While restaurant operators continue to express concerns about their growth opportunities in the coming months, consumer confidence appears to have brightened slightly, according to two key economic barometers published Tuesday.
The National Restaurant Association’s monthly Restaurant Performance Index slipped to 99.4 in July, a decrease of 0.1 percent from June. This marks the RPI’s fourth consecutive decline.
In addition, the RPI remained below 100 for the third consecutive month, which denotes contraction in key foodservice industry indicators, according to the NRA.
Meanwhile, the Consumer Confidence Index improved slightly in August following a decline in July. The Index for August rose to 53.5, up from 51.0 for the month earlier, according to The Conference Board.
The Present Situation Index, a gauge of consumers' assessment of current economic conditions, fell to 24.9 in August from 26.4 in July. However, consumer expectations for economic activity over the next six months rose to 72.5 from 67.5 last month.
“Consumer confidence posted a modest gain in August, the result of an improvement in consumers’ short-term outlook,” said Lynn Franco, director of The Conference Board Consumer Research Center. “Consumers’ assessment of current conditions, however, was less favorable as employment concerns continue to weigh heavily on consumers’ attitudes.
“Expectations about future business and labor market conditions have brightened somewhat, but overall, consumers remain apprehensive about the future,” Franco added.
According to the NRA, restaurateurs continue to voice less optimism about their future prospects. “While there were signs in recent months that the short-term outlook may be improving, the latest figures indicate that the restaurant industry’s recovery has yet to fully gain traction,” said Hudson Riehle, senior vice president of the NRA’s Research and Knowledge Group.
“Restaurant operators continued to report declines in same-store sales and customer traffic in July, and their previously optimistic outlook for sales growth and economy softened in recent months.”
The NRA’s Current Situation Index, which measures current trends in same-store sales, traffic, labor and capital expenditure, was flat at 98.8 in July, unchanged from June. This marks the 35th consecutive month the Current Situation Index has remained below 100.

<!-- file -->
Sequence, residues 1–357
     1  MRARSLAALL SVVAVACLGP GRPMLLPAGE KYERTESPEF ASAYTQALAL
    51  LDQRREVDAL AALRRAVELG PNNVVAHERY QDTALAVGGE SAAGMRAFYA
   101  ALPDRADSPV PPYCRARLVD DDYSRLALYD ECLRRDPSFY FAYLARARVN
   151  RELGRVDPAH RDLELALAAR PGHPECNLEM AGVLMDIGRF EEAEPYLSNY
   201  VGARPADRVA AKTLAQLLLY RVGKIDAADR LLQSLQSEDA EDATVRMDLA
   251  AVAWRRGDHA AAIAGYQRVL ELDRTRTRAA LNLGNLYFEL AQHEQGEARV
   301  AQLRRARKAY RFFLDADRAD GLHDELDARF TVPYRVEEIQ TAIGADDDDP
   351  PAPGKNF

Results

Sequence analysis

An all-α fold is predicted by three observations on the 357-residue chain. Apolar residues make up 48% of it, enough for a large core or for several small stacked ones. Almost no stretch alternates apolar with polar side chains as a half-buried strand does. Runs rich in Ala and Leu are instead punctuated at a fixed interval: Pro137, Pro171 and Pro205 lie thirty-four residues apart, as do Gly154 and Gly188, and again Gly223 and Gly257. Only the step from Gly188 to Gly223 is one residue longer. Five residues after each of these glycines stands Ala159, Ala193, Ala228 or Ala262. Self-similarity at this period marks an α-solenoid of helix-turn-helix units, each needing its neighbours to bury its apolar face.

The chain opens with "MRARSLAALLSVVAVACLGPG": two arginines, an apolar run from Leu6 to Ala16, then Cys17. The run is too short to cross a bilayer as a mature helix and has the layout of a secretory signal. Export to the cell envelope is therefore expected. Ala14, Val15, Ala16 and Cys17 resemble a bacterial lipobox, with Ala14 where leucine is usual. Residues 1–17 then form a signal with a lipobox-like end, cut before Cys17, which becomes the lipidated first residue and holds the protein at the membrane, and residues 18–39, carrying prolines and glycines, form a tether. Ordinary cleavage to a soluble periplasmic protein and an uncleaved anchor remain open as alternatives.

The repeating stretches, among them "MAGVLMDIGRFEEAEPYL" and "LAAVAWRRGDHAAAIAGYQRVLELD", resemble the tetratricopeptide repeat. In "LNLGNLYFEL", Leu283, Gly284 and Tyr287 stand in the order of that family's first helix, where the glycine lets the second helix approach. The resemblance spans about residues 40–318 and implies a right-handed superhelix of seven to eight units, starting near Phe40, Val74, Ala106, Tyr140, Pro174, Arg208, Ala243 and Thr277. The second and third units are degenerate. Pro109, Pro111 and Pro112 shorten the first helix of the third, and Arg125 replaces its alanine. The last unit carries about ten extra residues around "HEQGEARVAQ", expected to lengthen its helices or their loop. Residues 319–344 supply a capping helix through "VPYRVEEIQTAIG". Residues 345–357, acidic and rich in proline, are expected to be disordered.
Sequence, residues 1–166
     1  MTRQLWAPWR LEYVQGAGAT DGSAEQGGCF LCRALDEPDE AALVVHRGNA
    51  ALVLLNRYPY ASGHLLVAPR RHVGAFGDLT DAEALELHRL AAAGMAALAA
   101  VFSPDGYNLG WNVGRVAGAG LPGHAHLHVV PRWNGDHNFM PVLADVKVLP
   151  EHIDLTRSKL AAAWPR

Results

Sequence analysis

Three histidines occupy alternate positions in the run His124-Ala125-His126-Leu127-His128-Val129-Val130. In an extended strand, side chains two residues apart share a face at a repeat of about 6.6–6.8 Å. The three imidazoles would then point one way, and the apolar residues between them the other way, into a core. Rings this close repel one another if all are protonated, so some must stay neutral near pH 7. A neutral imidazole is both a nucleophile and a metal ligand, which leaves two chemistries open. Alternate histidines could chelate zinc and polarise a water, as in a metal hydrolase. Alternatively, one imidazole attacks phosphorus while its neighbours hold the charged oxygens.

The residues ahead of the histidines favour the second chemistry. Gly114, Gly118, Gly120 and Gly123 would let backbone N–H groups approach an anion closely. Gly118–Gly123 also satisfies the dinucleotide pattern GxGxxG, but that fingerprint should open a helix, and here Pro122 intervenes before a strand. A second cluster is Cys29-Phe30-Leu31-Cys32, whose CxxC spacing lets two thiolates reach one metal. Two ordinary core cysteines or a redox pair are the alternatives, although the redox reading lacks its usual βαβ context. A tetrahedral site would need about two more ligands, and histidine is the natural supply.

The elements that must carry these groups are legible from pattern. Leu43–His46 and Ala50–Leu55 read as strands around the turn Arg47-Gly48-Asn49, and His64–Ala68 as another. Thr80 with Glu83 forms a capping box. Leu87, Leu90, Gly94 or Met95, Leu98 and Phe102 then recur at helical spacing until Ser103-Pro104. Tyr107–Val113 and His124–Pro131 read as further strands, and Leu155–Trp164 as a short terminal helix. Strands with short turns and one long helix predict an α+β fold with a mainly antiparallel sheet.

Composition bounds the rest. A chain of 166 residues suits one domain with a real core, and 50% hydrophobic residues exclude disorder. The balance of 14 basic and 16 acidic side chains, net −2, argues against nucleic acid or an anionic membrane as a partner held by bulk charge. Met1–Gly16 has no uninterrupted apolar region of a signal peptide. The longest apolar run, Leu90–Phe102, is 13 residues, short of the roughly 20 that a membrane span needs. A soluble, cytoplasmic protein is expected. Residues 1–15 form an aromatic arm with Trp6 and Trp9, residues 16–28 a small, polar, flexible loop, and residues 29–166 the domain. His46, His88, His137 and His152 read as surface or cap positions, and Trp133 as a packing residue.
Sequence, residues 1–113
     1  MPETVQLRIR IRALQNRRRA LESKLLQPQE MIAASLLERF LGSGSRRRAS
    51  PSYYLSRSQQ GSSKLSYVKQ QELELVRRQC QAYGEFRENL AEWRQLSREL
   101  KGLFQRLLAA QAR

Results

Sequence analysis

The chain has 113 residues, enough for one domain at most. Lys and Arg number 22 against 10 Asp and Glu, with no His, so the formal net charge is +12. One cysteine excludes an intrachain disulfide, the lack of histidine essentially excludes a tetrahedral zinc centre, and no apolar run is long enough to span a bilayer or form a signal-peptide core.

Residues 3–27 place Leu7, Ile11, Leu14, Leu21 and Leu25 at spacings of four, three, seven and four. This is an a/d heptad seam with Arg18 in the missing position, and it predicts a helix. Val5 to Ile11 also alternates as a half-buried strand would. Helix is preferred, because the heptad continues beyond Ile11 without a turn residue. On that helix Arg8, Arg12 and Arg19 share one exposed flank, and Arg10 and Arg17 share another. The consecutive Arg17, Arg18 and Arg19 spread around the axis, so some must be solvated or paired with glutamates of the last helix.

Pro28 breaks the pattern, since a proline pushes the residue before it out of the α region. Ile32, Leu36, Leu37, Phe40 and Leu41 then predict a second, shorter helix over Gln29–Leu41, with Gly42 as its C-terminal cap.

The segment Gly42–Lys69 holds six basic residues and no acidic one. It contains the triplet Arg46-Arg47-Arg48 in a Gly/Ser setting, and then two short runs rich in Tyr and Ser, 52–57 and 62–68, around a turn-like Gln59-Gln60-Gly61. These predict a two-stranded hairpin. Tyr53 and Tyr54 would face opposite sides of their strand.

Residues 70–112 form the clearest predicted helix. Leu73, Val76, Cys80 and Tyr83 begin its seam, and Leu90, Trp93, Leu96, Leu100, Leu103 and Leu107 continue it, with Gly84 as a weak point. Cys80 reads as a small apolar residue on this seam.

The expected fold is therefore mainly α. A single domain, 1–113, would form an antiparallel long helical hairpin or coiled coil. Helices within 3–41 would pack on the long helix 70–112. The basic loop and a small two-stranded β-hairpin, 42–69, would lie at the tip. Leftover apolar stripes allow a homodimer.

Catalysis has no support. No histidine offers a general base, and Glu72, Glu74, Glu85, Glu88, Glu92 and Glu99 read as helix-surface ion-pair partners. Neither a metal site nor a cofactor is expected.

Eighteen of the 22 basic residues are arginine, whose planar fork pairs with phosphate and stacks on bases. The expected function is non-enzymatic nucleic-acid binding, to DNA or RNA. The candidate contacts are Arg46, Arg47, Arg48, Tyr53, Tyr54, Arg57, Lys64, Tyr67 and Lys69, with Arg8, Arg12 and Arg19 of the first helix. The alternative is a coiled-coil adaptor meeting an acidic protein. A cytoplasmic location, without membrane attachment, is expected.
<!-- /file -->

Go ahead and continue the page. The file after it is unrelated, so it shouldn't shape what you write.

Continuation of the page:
The NRA said foodservice operators reported negative same-store sales for the fourth consecutive month in July. About 39 percent of operators said same-store sales rose between July 2009 and July 2010, matching the proportion of operators who reported higher sales in June. Forty-four percent of restaurateurs said same-store sales fell in July, compared to 43 percent of operators who reported negative sales in June.
Operators also reported a decrease in customer traffic levels in July, While 35 percent said customer traffic rose between July 2009 and July 2010, 46 percent reported traffic declines for the month, up from 43 percent who reported a traffic decrease in June.
The NRA’s Expectation Index, which gauges foodservice operators’ six-month outlook for same-store sales, employees, capital expenditures and business conditions, slipped to 100.0 in July, a decrease of 0.1 percent from June, and its lowest level since December 2009.
Foodservice operators in general are not too optimistic about the economy. Twenty-six percent expect economic conditions to improve in six months, compared with 21 percent who said they expect the economy will worsen in the next six months.
Expectations among consumers appeared to be a little more optimistic. According to the Conference Board, the percentage of consumers anticipating more jobs in the coming months increased to 14.6 percent from 14.2 percent, while the proportion expecting fewer jobs fell to 19.4 percent from 20.9 percent.
Income, however, remains a large concern among consumers, the Consumer Board said. The report found 10.6 percent of consumers expect their incomes to increase over the next six months, while a larger group, 16.1 percent, said they anticipated a pay cut, which could cause consumers to tighten their purse strings.
Contact Paul Frumkin at [email protected]